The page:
New York Knicks: Julius Randle Should Still Get a Max Contract Extension

New York Knicks, Julius Randle (Photo by Sarah Stier/Getty Images)
New York Knicks, Julius Randle (Photo by Sarah Stier/Getty Images) /
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New York Knicks
Julius Randle, New York Knicks. (Photo by Michael Reaves/Getty Images) /

The New York Knicks should still extend their star despite playoff struggles.

The New York Knicks’ season ended on Wednesday night as they fell 103-89 to the Atlanta Hawks, losing the series in five games. It was certainly a disappointing conclusion, but the year as a whole should be viewed as a major success.

At the end of last season, the team had no direction, no coach, question marks over all young players, and still hadn’t adjusted to the modern game. At the end of this season, the Knicks have a defensive identity, a coach of the year finalist, a legitimate young core, and finished 3rd in the league in team three-point percentage.

Perhaps most importantly, they have a star. Julius Randle defied all expectations this season as he won the league’s Most Improved Player award (MIP). He became the first Knick to ever average at least 20/10/5 for a full season, doing so while also shooting 41% from three.

At just 26 years old, he likely still has his best basketball ahead of him.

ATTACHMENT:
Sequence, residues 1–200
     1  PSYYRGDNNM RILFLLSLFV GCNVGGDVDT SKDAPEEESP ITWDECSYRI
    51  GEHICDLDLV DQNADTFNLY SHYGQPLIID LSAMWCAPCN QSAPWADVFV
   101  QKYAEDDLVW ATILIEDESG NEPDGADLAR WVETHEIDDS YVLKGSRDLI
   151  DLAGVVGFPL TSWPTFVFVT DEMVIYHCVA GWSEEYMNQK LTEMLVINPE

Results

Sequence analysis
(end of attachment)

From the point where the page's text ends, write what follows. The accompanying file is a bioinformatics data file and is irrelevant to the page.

His contract currently has a team option for just under $20 million for the following season, then he becomes an unrestricted free agent next summer. The logical move would be to extend him. This seemed like a forgone conclusion a few weeks ago, but the postseason has made fans a bit antsy.

The bruising forward struggled in the playoffs. His averages of 18.0 points, 11.6 rebounds, and 4.0 assists per game don’t look too bad but he shot just 30% from the field and averaged 4.6 turnovers per contest. The Hawks sent 2-3 defenders at him on every possession and he seemingly became overwhelmed by their game plan.

The front office shouldn’t be swayed by that 5-game sample size and still offer the extension, trusting Randle to work hard in the offseason and come back better than ever. Here’s why.